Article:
Bubbles and Crises


Posted: 11 Feb 1998

See all articles by Franklin Allen

Franklin Allen

Imperial College London

Douglas M. Gale

New York University (NYU) - Department of Economics

Date Written: November 1997


Bubbles where asset prices rise and then collapse are often followed by financial crises where default is widespread. A simple theory of bubbles based on an agency problem is developed. Investors use money borrowed from banks to invest. Risky assets are relatively attractive because investors can default in low payoff states so there is asset substitution and prices are bid up. The overall level of asset prices depends on the amount of credit. Risk can originate in both the real and financial sectors. Financial fragility occurs when credit expansion might be insufficient to ensure asset prices are high enough to prevent default.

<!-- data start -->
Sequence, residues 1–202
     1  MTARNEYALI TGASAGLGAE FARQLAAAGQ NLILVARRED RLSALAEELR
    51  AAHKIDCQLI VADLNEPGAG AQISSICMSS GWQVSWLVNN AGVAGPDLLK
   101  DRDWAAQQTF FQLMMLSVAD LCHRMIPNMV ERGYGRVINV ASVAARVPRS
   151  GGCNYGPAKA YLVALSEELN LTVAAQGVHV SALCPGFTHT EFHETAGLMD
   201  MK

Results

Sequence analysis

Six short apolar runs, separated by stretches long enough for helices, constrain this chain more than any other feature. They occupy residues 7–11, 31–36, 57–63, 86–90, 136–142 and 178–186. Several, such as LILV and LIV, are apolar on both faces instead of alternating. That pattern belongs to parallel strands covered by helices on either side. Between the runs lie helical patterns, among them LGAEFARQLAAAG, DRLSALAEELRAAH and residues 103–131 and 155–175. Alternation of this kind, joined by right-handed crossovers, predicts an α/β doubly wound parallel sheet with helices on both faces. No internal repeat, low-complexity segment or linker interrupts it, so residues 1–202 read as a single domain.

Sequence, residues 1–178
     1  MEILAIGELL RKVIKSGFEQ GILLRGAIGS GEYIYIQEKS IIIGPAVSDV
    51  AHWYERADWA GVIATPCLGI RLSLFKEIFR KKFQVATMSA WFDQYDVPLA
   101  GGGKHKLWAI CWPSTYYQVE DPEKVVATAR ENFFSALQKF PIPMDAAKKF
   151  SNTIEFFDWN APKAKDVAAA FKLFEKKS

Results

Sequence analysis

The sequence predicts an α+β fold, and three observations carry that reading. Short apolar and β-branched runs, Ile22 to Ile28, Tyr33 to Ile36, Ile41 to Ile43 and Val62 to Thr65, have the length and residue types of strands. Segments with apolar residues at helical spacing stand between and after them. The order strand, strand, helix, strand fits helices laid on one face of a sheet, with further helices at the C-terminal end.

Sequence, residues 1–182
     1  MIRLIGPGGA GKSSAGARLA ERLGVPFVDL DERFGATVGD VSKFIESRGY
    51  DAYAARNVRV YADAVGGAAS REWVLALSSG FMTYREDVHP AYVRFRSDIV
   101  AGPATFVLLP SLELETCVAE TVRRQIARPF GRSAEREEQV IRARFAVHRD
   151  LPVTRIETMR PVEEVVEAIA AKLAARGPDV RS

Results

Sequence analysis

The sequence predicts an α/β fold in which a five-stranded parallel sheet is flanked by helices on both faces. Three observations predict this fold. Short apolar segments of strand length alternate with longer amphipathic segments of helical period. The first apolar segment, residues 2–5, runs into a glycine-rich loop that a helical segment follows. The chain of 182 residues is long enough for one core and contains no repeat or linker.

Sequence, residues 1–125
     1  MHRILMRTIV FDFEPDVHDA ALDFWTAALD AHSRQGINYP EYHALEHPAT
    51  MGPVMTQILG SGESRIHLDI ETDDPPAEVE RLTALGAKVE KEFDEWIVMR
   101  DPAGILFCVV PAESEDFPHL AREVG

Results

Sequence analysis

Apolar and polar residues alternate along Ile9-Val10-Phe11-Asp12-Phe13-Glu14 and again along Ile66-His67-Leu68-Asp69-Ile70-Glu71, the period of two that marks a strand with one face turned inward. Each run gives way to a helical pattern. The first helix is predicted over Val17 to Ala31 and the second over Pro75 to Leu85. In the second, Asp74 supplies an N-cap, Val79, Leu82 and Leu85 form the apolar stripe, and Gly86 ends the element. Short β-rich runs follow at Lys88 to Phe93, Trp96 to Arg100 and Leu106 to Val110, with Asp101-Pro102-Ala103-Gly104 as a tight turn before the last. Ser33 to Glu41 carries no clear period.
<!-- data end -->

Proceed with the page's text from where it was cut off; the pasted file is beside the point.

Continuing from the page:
JEL Classification: G12

Suggested Citation

Allen, Franklin and Gale, Douglas M., Bubbles and Crises (November 1997). 98-01. Available at SSRN: https://ssrn.com/abstract=58674

Franklin Allen (Contact Author)

Imperial College London ( email )

South Kensington Campus
Exhibition Road
London, Greater London SW7 2AZ
United Kingdom

Douglas M. Gale

New York University (NYU) - Department of Economics ( email )

269 Mercer Street, 7th Floor
New York, NY 10011
United States
(212) 998-8944 (Phone)
(212) 995-3932 (Fax)

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